Senate Republican Coronavirus Package Is Undermined by Complexity & Impermanence

Federal Tax

The Senate is poised to vote on a coronavirus aid relief package today, which would provide additional funding for individuals, businesses, and states combatting the pandemic. The “Delivering Immediate Relief to America’s Families, Schools, and Small Businesses Act” enters the negotiations as a Senate Republican response to multiple packages proposed by Democrats and Republicans in Congress over the last three months. While the bill may not pass the Senate and is likely to be rejected by the House, it provides greater insight into what some Senate Republicans see as major policy priorities going into the home stretch of the 2020 election cycle.

Among many other spending provisions, the bill creates a non-refundable education tax credit for individuals and corporations along with a doubling of the $300 “above-the-line” charitable contribution deduction available for filers under the CARES Act. These provisions represent a Republican counter-offer to the wide-ranging tax credits provided in the HEROES Act and a follow-up to the Health, Economic Assistance, Liability Protection and Schools (HEALS) Act proposed in July.

While the legislation provides legal protections and additional flexibility for parts of the country trying to re-open this fall, it leaves much to be desired. As my colleague Garrett Watson pointed out in July: It is important for Congress to finalize a relief package that is well-targeted at providing liquidity to firms and households, puts the country on a track for economic recovery, and tackles the underlying public health challenge.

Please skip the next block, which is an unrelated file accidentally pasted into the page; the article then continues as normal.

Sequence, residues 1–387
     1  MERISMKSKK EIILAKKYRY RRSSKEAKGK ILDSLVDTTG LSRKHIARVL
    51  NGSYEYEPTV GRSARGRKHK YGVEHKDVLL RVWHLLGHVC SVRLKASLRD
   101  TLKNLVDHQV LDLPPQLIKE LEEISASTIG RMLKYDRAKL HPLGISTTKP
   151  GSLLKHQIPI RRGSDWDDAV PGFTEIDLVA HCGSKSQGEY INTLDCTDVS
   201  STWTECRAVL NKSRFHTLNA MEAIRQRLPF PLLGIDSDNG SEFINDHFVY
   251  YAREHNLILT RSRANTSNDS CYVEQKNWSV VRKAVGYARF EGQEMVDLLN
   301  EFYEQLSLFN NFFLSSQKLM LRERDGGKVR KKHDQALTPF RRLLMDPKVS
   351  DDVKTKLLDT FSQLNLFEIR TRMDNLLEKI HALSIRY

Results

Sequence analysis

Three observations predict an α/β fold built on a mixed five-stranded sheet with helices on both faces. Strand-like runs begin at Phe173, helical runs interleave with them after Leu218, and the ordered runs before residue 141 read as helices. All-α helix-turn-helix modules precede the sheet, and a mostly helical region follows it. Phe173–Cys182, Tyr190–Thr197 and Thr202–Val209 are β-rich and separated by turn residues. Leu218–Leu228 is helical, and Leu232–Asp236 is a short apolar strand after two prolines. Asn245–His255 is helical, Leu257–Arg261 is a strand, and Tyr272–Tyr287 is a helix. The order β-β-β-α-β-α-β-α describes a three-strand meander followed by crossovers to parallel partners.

Even though these tax provisions would bring slight relief to individuals and businesses, they do not belong in a proposal designed to maintain the economic recovery. If policymakers desire to create credits for educational expenses and revisit the debate surrounding the charitable deduction, that discussion should take place after the economy is stabilized and with a view toward long-term policy design.

What does the Senate Republican coronavirus bill do?

Individual & Corporate Education Scholarship Tax Credits (Title VI)

  • The legislation includes a non-refundable credit for businesses and individuals for eligible educational expenses between 2020 and 2022. The credit can be carried over for 5 years.
  • The education credit is limited to 10 percent of a taxpayer’s adjusted gross income (i.e. gross income minus certain “above-the-line” deductions and before claiming the itemized or standard deductions) on contributions to non-profit organizations that provide primary and secondary education to students, irrespective of whether the institution providing the education is private or public.
  • Qualifying expenses are primarily allocated to scholarships for the pupils rather than compensating the educators. Up to 90 percent of the contributions must fall into this category. The bill imposes a national limit of $5 billion annually (fiscal year) on the amount of credits that can be claimed.
  • This non-refundable credit would also be available for C corporations. Notably, contributions must be limited to 5 percent of domestic corporate taxable income for a given tax year. All contributions must be made before the end of 2022.

Increased Charitable Contribution Limits for All Filers (Title IX)

The CARES Act provided a $300 above-the-line deduction for charitable contributions for taxpayers to claim for 2020. This expansion is notable because current law limits charitable contribution deductions to filers who itemize their deductions, which tends to be higher-income taxpayers who represent a minority of filers (around 13 percent of all filers in 2019).